fragmented holdings; and the heavy and ever increasing pressure of population on land.
4. Technological factors
a) Poor inputs and techniques
The method and techniques of cultivation have been old and inefficient.
It results in high cost and low productivity. These methods have not undergone any change for centuries.
The investment in agriculture in the form of manures and fertilizers, improved seeds, irrigation, tools and implements and
other types of assets has been miserably low.
b) Inadequate irrigation facilities
One of the basic causes for the weakness of Indian agriculture has been that most of the farmers throughout the country
have to depend upon rainfall and very few of them can avail the facilities of artificial irrigation.
c) Indebtedness of the farmers
It is said that the farmers in India are born in debt, live in debt, die in debt and bequeath debt.
The causes of their indebtedness are many such as hereditary debt, litigation, want of supplementary incomes and
wasteful social expenditure.
d) Inadequate Research
Benefit of research and development has not reached all the farmers.
Measures to improve agricultural productivity
It has been increased through public funding & assisting farmers to create potential on their own farms. The total irrigation
potential in the country has increased from 81.1 million hectares in 1991-92 to 102.8 million hectares in 2006-07.
only 73.5 % irrigation potential has been created out of which 87.2 million hectares(84.9 %) is actually utilized. The scope of
expanding irrigation through large & medium scale project has yet to be fully exploited.
2.Diversification of agriculture
Diversification of agriculture to horticulture & other areas is also high on the govt agenda. Besides raising farmer's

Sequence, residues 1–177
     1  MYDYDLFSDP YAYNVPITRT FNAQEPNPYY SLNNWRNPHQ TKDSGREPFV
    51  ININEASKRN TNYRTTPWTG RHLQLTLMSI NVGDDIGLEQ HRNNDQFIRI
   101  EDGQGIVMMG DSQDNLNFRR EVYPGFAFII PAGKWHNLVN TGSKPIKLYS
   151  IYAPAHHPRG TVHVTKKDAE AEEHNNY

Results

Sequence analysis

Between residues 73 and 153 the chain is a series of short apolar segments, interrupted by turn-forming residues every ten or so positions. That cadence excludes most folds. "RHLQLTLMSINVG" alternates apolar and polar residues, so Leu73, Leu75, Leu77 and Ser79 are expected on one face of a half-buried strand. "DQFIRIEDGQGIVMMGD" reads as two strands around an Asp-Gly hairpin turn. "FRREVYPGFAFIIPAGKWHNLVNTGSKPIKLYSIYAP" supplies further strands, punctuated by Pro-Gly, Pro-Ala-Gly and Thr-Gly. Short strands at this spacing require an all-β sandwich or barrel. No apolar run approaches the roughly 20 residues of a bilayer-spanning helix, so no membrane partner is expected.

income ,this results in better utilization of resources, creation of employment & growth.
National Horticulture Mission & Mission for Horticulture in the north east & other hilly areas have been set up to promote
horticulture in a mission mode.
3.Exploiting production potential :
To achieve expected level of productivity, farmer must be guided by experts in respect of soil & water analysis for
adopting the best diversified cropping system ,meticulous adoption of technology (when & how), judicious use of
seeds,fertilisers,pesticides,water,labour & credit.
supply of inputs must be of standard quality, reasonable priced & timely available. There is need to establish farm inputs &
equipment regulatory & development authority.
4.Rural infrastructure for farm growth:
There is a positive correlation between infrastructure development & aggregate agricultural productivity.
rural infrastructure as irrigation water shed development, rural electrification ,roads,markets,credit
institution rural literacy ,agriculture research & extension etc together plays key role in determining output in India.
Technology enables the branch to go where the customer is present.
It helps in reducing operating cost of providing banking services in rural areas & to low income groups.
National agriculture policy lays emphasis on the rapid development of agriculture in India.
DAC (dept of agricultural & cooperation )has developed four portals & 40 websites i.e. DACNET,AGMARKNET,DAC & AgRIS.
6. Capital formation in agriculture:
Productivity in agriculture is also dependent on capital formation both from public & private sectors.
Gross capital formation in agriculture relative to GDP in this sector has shown an improvement from 9.6% in 2000-01
to 12.5% in 2006-07.but it should be raised to 14 % to achieve a growth of 4% in this sector
7. Crop Insurance
Productivity in agriculture also depends on various external factors like monsoons ,pests ,diseases ,drought & other
natural calamities .So crops need to be covered under insurance to provide financial support to farmers.
For this we have NATIONAL AGRICULTURE INSURANCE SCHEME.
8. BETTER QUALITY SEEDS:
So we have National Seed Policy 2002 provides the framework for growth of the seed sector.